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Clinical Case 066: Things that go Bump in the Night

OK readers.  It has been a while since I gave you all the chance to cover yourselves in glory and show off your super-generalist diagnostic skills.  So todays case is a clinical quiz  – as always the prize is…. love and respect, and I will buy you a mango beer if you ever make it to Broome!  Onto the case.

You are doing the night shift and it has been QUIET.  Trying desperately to stay awake at 05:00 playing tetris on the computer when the door bell goes off – action stations.

The triage nurse escorts a frantic-looking mother into the Paeds bed.  She is talking a million-miles-an-hour, and her child, looks to be about 8 years old, is sleeping (appropriately for 5AM) in her arms.

After a cursory ABC exam, the monitors are all reassuring.  You slow down to take the story again.  Here is the history:

  • She awoke at ~ 04:40 to a loud banging sound that came from her son’s bedroom adjacent to her room.
  • She went in to inspect and he was convulsing “all over”, salivating heavily and had been incontinent.
  • The convulsing lasted about 2 or 3 minutes then he appeared to go back to sleep.
  • ON questioning – she thinks his speech was “a bit slurred” when he came around after the fit
  • He had been well, afebrile and has no recent illness or other ongoing medical problems
  • The nurse has done a BSL which was normal, he is afebrile, normal pulse, BP, RR and Spo2

OK.  That is it.  No more clues.  Over to you all.  Here are my questions:

Benign epilepsy of childhood with cortico-temporal spikes (BECTS) or BRE or what used to be called Rolandic epilepsy. This is a classic presentaion – early morning, nocturnal seizure in an otherwise healthy kid, post ictal phase may have some focal (Todd’s palsy – eg. dysarthria, unilateral face or arm weakness). BECTS is among the commonest form of seizure disorder in this age group – esp. in otherwise well kids
 

After this boy woke up and wondered what all the fuss was about we had the chance to ask him a few questions. Did he ever notice facial twitching, a “funny feeling tongue”, drooling, difficultly speaking clearly or other odd transient phenomena?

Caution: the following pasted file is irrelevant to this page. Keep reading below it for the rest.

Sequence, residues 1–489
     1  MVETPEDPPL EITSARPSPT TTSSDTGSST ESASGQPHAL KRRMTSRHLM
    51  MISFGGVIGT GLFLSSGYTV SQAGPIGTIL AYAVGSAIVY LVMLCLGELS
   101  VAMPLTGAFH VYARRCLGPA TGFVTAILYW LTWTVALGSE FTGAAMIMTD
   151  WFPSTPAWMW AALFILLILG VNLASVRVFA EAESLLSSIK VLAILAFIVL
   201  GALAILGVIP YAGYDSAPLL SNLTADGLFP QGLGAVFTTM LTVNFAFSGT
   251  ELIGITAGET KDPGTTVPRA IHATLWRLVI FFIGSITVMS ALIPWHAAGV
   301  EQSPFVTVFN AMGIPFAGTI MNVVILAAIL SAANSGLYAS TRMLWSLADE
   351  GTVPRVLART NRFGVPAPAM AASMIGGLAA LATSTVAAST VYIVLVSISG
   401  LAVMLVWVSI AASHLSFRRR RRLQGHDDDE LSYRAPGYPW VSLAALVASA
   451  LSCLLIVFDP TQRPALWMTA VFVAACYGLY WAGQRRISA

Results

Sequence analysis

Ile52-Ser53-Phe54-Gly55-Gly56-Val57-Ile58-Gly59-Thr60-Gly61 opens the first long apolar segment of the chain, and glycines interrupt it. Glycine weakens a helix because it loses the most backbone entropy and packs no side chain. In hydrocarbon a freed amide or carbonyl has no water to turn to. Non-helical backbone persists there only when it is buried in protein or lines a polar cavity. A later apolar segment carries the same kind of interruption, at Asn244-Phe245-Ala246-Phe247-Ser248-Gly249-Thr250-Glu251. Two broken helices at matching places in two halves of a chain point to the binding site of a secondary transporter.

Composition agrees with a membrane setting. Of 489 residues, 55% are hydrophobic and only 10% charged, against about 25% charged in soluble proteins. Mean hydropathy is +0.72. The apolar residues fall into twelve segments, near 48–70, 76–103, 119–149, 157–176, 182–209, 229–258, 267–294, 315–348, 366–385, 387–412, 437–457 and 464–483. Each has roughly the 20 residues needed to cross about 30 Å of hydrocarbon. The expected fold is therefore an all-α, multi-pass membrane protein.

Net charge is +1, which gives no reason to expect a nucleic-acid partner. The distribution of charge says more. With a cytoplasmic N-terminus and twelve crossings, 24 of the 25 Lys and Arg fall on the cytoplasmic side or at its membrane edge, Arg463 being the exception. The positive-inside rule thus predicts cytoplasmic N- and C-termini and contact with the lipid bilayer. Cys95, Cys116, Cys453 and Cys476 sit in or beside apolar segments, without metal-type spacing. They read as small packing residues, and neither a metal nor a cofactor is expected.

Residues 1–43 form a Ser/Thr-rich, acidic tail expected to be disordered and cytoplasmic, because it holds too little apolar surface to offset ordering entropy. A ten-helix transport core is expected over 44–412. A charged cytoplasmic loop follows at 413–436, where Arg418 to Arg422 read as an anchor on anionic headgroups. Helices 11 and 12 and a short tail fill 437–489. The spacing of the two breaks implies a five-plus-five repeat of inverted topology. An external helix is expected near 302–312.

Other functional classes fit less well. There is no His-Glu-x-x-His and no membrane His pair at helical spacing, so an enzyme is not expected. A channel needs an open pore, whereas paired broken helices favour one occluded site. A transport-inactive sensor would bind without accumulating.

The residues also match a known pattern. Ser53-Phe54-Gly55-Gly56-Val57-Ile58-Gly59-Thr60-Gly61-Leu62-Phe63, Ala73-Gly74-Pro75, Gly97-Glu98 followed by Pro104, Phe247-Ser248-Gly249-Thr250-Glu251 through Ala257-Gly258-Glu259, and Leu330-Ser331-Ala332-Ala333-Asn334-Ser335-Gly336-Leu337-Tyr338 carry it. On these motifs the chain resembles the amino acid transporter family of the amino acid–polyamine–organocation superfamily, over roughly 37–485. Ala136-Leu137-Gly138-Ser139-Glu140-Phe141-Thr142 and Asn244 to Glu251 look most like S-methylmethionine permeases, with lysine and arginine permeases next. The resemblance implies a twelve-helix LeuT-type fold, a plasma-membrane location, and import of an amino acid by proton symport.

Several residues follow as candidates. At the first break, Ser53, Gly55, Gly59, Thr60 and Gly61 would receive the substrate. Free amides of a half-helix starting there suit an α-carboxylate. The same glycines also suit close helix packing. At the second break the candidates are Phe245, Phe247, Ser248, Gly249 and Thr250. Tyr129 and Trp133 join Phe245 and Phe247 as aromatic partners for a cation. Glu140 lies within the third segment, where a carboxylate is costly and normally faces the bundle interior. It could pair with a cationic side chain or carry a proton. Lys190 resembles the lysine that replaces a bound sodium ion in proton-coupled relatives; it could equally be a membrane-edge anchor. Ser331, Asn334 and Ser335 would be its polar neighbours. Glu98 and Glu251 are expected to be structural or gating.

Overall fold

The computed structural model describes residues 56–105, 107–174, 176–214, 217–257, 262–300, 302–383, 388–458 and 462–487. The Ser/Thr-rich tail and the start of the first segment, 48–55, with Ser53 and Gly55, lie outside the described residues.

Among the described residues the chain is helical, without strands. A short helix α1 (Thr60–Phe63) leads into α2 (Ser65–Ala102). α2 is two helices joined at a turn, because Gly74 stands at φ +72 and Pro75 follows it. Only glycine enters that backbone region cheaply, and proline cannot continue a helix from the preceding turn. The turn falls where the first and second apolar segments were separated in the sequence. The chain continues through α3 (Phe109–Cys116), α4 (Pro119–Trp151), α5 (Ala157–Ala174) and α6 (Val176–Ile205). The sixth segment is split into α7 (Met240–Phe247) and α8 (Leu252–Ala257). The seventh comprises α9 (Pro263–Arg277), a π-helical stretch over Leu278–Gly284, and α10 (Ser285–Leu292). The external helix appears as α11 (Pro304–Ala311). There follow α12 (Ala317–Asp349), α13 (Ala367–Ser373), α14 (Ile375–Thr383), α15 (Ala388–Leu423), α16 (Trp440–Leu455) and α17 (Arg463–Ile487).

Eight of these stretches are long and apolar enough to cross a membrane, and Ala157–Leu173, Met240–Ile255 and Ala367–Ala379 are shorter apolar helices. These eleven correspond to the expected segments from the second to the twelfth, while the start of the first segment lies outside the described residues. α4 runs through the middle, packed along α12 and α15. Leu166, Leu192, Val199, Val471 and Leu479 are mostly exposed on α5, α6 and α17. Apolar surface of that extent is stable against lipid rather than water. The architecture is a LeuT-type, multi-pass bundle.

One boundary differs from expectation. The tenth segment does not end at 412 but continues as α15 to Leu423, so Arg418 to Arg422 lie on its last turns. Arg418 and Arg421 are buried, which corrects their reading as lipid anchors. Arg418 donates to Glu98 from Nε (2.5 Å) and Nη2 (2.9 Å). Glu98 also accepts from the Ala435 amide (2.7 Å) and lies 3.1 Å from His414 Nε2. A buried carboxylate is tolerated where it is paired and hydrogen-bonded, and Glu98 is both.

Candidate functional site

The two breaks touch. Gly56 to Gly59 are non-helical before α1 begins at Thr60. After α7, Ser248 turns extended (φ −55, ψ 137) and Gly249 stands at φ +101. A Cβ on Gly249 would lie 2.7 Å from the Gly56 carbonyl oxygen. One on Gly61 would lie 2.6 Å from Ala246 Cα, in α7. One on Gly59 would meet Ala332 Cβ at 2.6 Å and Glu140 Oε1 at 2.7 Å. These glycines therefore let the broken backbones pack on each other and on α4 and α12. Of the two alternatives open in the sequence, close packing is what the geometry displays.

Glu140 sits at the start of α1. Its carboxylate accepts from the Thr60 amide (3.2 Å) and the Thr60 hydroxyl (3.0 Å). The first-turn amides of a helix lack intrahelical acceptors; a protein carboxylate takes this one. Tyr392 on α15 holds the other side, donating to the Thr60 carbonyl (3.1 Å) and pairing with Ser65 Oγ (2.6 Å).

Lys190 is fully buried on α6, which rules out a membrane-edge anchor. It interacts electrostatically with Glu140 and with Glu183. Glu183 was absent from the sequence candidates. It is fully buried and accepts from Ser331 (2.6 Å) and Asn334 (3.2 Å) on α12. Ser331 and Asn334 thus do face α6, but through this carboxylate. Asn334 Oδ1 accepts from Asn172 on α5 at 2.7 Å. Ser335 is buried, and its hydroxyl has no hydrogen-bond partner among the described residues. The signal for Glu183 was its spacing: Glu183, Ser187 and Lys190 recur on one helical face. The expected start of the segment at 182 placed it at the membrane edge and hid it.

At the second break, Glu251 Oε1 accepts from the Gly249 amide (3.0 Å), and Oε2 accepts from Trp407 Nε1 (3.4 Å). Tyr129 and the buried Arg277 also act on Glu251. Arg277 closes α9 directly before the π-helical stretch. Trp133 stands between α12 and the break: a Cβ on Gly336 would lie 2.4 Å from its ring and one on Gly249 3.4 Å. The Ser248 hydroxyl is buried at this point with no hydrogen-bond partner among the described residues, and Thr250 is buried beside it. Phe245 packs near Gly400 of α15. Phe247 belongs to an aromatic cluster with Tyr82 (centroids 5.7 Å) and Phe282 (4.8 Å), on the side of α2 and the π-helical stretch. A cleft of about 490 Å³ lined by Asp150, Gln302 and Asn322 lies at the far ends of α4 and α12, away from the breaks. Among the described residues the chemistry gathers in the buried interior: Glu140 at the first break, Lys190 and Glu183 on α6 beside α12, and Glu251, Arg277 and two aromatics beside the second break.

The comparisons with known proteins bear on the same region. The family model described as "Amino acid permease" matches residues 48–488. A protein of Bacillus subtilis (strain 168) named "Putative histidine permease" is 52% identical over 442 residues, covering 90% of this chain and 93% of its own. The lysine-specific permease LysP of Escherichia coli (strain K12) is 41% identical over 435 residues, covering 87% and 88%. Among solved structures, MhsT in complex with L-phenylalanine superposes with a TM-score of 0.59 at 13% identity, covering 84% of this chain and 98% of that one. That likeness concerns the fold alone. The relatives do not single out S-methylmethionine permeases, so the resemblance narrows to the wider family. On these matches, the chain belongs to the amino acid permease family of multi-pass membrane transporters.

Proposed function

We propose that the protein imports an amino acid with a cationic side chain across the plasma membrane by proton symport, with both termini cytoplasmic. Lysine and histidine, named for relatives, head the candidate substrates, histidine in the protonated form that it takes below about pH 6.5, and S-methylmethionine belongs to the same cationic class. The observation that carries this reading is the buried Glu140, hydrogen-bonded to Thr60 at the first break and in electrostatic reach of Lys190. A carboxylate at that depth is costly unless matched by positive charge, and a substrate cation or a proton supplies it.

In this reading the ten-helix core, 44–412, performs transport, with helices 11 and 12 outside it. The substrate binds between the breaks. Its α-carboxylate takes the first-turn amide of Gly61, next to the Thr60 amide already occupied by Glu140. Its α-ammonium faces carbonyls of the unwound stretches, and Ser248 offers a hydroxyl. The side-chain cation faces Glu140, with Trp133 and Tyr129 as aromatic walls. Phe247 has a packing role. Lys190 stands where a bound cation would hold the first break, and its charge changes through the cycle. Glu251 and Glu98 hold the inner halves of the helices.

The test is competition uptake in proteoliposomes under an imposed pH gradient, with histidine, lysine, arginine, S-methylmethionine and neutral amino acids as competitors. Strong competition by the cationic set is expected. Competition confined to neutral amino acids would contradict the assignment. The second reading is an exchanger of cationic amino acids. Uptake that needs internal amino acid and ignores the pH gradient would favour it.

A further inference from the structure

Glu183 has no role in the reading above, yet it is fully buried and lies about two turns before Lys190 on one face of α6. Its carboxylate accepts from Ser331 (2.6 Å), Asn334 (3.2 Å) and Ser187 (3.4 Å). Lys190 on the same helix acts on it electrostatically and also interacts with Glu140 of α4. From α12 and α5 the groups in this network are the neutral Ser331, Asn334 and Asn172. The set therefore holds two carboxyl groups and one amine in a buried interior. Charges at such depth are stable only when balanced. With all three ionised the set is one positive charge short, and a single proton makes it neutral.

His mother said: “no, never”  But the kid said – “Oh, yeah, that has happened at school a few times – “my face winks”

OK, for me this is one where the EEG is diagnostic. By and large EEG is a somewhat imprecise test in sorting out seizures – however, there are a few syndromes where is is pathognomonic – and BECTS did not get its name for no good reason – they have a persistent spike pattern localised to the temporal areas.

PLease let me know if you have any other tests, or feel  there is another possible diagnosis.

Casey

 The result: Congrats to Damon Tedford @DamonTedford who was judged most accurate and correct with this twitter response:

Q1: Benign Ep. with centrotemporal spikes (BECTS)

Q2: aura or preceeded by facial twitch?

Q3: EEG – centrotemporal spikes

Damon is an  Resident in Saskatchewan, Canada – so I think the mango beer is safe for now?

See the above drop-downs for explanation and discussion

 

Comments

  1. The Lone Centurion says

    Q1: nocturnal seizures ?benign Rolandic epilepsy
    Q2: daytime somnolence
    Q3: polysomnography
    Free beer?

  2. 1) Seizure: reflex anoxic secondary to nightmare/other fright
    2) Does he remember having a nightmare? (possible cause)
    3) Prolactin

  3. I thought this could be Autosomal Dominant Nocturnal Frontal Lobe Epilepsy. Why? because I thought Casey might have given us a clue that there is something in the history that will tell us the answer.

    There are other causes of nocturnal epilepsy in kids but few that are distinguishable on history alone (most need an EEG). So Casey – was there a family hx of nocturnal epilepsy?

    Looks like I was wrong on this one, better luck next time 🙂

    S